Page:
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The first version can be felt as abrupt and demanding. The reader will probably hear the writer`s voice as hard and peremptory and will most likely be a little surprised. In such a situation, the sender of the email would be better advised to wait or use another construction, such as “I look forward to your response.” 1. Leave us……………. Until he gets here. (wait/wait) 3. I have……………… a bus for two hours. (Waiting/Waiting) Britannica English: Waiting to translate the expectation of an Arab spokesperson has a meaning equivalent to “waiting, but perhaps more formal or outdated.

4. The bill is …………… Approval by Parliament. (wait/wait) If you send letters in the mail, you will probably want to be as formal as possible. “Please wait for your agreement” would match that. Waiting and waiting verbs have similar meanings, but they are used in different grammatical structures. 13th century, in the transitional sense of the term 3 The difference is only stylistic and depends on the register (i.e. formality). Note that you never wait; await works on its own without preposition. Note that waiting does not take the preposition “for.” The object of waiting is usually one thing. He is not a person.

What made you look up? Please tell us where you read or heard it (including the quote, if possible). While “waiting” is acceptable, “waiting” is not because “waiting” means “waiting.” The writing of “waiting for” would be superfluous. 2. The manager is now busy, so you………… (wait/wait/wait) Hello. Today, we look at the difference between the waiting and waiting conditions. is more up-register version, so it is probably used in more polite or formal situations: We await your response. These examples are automatically selected from different online message sources to reflect the common use of the word “waiting.” The opinions expressed in the examples do not reflect the views of Merriam-Webster or its publishers. Send us comments.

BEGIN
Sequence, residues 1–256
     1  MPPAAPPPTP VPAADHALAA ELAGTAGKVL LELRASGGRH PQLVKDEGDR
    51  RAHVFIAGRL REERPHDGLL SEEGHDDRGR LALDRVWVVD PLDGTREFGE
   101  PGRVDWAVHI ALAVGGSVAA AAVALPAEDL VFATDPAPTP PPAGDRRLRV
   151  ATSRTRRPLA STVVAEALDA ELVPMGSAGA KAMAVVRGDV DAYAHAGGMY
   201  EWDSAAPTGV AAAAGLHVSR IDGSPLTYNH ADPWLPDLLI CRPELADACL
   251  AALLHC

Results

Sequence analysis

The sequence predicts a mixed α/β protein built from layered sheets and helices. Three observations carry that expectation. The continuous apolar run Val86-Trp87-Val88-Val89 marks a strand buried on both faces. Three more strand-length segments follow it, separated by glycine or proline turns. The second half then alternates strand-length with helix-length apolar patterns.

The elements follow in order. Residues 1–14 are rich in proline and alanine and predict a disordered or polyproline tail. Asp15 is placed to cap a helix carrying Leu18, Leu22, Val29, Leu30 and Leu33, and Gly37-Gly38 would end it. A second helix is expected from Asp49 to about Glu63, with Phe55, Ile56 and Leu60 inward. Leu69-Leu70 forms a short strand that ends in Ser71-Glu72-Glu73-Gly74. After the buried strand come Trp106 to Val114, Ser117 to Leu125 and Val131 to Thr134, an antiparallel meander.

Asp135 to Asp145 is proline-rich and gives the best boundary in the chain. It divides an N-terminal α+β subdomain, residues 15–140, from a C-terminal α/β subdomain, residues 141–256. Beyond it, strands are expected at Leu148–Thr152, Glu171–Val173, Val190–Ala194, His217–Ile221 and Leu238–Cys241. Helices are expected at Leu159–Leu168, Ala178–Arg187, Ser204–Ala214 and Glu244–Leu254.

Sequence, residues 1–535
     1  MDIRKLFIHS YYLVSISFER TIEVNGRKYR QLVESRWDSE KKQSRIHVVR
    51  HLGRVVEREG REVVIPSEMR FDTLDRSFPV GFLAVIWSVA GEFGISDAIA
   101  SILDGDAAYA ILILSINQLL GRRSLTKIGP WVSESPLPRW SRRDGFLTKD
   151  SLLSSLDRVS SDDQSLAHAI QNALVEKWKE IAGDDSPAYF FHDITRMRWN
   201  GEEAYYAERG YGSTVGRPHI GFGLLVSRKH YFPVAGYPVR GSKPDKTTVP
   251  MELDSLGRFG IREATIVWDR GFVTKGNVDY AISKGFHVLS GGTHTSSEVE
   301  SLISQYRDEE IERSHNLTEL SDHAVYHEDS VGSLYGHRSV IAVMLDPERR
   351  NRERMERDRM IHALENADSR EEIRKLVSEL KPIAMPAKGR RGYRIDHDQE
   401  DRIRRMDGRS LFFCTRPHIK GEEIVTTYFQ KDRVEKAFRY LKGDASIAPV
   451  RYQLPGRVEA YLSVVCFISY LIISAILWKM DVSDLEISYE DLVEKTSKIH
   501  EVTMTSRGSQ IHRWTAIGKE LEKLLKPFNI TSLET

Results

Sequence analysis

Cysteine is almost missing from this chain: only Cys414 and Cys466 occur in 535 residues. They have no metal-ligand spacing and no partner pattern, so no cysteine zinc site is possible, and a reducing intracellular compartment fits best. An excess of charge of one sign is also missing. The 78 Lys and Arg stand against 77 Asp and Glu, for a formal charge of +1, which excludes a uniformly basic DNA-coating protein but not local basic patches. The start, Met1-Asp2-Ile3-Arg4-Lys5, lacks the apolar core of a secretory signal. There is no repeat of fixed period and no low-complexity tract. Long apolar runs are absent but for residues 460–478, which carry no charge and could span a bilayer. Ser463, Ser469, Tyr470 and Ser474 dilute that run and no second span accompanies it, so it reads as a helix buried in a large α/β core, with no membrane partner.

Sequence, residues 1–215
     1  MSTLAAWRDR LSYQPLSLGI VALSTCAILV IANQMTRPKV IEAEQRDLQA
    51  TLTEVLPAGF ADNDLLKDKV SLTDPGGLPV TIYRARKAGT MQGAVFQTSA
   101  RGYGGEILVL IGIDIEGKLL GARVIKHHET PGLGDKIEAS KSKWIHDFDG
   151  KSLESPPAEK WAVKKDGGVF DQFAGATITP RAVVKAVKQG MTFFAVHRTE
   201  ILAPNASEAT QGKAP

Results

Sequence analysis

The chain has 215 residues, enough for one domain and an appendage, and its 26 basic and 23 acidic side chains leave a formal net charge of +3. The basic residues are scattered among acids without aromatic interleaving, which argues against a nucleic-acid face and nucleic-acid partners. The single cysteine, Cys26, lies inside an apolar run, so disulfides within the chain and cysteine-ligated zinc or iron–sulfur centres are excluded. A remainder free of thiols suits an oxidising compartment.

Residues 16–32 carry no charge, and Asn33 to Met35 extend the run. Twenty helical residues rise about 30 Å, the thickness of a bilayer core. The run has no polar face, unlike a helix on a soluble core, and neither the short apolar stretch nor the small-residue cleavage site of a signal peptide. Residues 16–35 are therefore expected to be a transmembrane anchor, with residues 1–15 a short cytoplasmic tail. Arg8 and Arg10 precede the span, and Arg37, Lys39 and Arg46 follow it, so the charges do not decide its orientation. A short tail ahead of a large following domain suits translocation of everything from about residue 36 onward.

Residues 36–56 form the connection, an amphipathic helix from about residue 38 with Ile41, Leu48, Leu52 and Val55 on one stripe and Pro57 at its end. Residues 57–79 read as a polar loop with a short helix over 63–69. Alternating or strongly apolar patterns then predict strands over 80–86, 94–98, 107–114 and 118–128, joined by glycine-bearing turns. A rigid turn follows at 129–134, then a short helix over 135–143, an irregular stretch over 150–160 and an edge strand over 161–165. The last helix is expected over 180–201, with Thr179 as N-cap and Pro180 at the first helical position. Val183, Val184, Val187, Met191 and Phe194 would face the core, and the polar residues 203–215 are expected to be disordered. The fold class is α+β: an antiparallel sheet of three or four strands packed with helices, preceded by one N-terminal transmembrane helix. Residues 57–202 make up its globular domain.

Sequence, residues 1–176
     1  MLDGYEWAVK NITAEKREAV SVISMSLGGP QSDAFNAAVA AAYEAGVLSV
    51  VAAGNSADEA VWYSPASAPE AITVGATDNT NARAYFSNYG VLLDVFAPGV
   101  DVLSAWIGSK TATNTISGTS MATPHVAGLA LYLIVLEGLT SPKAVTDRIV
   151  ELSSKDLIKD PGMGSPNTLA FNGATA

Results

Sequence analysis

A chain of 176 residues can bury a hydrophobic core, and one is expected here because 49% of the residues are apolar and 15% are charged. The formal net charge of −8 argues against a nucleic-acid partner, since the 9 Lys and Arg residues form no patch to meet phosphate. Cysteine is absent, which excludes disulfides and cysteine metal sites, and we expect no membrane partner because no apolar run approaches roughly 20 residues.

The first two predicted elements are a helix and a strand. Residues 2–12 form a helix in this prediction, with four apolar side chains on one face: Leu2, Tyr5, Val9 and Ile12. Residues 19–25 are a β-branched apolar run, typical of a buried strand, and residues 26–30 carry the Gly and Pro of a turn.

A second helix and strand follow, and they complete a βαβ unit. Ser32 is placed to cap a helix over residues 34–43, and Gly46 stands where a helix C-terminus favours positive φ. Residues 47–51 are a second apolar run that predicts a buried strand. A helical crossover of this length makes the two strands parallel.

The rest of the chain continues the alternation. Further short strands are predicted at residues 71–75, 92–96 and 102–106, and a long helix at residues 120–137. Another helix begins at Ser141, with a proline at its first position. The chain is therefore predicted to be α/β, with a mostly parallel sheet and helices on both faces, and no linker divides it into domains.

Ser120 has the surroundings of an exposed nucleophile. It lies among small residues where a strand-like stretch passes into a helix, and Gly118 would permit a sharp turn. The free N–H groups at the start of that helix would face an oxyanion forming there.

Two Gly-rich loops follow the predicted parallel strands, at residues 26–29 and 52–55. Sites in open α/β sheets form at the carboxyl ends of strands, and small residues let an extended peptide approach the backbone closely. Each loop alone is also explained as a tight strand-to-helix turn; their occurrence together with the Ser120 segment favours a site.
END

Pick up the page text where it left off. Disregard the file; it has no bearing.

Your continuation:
I loved meeting your representatives. I`m waiting for your answer. “Wait.” Merriam-Webster.com Dictionary, Merriam-Webster, www.merriam-webster.com/dictionary/await. Access 3 Dec 2020. Fill out the following sentences while waiting or in the meantime. The verbs to be maintained and maintained have the same meaning (i.e. staying in a place or delaying an action until a given time or event). However, there are some differences in grammar and use. Use of waiting: The verb of waiting is more common, especially in informal settings and language.

The wait is followed by an adverbiale particle in front of an object. Example 1: I am waiting for Mr. Sands to respond to my call. Example 2: they have been waiting for the bus for half an hour. Example 3: Wait here! I`ll be back in five minutes.